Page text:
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From the October 1906 issue of The Christian Science Journal

There is perhaps no word in the language which has been less understood or which has excited more controversy than the word miracle. The examination of it, whether from a critical, scientific, or purely historical aspect, seems always to have been capable of arousing the intemperance of superstition or the derision of skepticism. Nor does its true significance appear to have been suspected until, in Christian Science, it at last fell into' its natural place as the demonstration of the theology of Jesus.

Human thought is always rushing to extremes. The world's concept of the miraculous has been no exception to the rule. To-day it presses in ecstasy round the mud-pools at Abonoteichos, where Alexander is groping for his carefully hidden goose's egg; to-morrow it is listening sapiently to the declaration of Hume that there never has been in all history a miracle attested by conclusive evidence. The ordinary reader knows little about Hume, and cares rather less about Alexander. To him the word miracle is inseparable from the New Testament, and its definition as "a transgression of a law of nature by a particular volition of the Deity" meets with his entire approbation. The naked absurdity of this definition and of the argument founded on it was long ago exposed by Huxley. To insist, he pointed out, that "that which never has happened never can happen, without a violation of the laws of nature," is to insist that everything outside human experience is a violation of natural law. This of course combines a contradiction with a reductio ad absurdum. A contradiction because a violated law ceases to be a law; a reductio ad absurdum because everything outside the experience of a particular age becomes supernatural. Thus, because the telephone was unknown to the ancient Britons, the telephone is a violation of a natural law.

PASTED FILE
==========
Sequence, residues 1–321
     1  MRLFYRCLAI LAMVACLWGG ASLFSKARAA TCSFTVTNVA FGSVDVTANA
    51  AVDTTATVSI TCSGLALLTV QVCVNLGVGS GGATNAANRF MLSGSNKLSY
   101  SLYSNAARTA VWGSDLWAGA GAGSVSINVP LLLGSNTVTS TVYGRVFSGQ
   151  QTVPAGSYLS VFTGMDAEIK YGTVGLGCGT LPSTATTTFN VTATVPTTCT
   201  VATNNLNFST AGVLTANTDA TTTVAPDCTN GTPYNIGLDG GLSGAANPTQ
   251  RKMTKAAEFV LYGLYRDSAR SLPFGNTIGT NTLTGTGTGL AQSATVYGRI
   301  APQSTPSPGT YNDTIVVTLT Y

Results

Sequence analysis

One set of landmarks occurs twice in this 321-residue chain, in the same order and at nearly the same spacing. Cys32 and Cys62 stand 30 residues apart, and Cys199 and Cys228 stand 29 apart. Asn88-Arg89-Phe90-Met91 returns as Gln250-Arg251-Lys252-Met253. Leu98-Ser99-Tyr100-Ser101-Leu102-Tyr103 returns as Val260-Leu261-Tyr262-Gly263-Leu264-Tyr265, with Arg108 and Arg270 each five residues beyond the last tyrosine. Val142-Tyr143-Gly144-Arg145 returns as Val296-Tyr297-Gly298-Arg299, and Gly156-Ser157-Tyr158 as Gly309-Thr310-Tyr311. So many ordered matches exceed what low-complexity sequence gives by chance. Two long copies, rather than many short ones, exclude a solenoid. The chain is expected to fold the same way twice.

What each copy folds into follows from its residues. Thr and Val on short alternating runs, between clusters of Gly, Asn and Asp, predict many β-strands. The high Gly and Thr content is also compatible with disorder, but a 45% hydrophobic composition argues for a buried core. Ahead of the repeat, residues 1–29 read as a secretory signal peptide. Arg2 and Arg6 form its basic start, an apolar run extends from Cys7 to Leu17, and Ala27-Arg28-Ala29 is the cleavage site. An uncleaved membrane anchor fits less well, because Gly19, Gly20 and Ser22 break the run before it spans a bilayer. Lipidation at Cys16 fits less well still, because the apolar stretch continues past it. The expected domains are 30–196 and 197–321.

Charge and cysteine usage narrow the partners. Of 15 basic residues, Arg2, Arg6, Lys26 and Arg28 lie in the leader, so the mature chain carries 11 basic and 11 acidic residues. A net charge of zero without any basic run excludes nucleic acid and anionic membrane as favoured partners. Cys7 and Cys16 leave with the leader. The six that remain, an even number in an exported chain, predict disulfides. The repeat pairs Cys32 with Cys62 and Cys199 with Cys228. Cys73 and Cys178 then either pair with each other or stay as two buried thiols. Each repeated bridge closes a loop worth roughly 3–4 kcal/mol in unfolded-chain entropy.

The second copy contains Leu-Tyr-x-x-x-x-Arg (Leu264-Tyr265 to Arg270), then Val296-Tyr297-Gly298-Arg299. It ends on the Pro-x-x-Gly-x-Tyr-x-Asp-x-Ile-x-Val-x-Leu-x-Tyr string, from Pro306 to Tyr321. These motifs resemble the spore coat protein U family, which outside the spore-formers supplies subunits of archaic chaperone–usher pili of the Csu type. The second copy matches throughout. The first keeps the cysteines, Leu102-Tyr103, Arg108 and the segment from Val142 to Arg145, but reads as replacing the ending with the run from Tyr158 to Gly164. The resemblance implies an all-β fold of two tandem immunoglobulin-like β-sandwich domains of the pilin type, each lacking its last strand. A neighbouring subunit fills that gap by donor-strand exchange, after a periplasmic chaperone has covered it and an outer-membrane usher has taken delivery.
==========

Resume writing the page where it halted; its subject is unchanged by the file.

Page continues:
It is almost incredible that this view of miracles should have been deliberately laid down by one of the great thinkers of the century, and accepted by hundreds of thousands of intelligent people. Hume was himself a skeptic, and as such was endeavoring to state a case which to him was opposed to reason, but the position of the churches which for centuries have preached a doctrine identical with this is opposed not merely to reason but to revelation.

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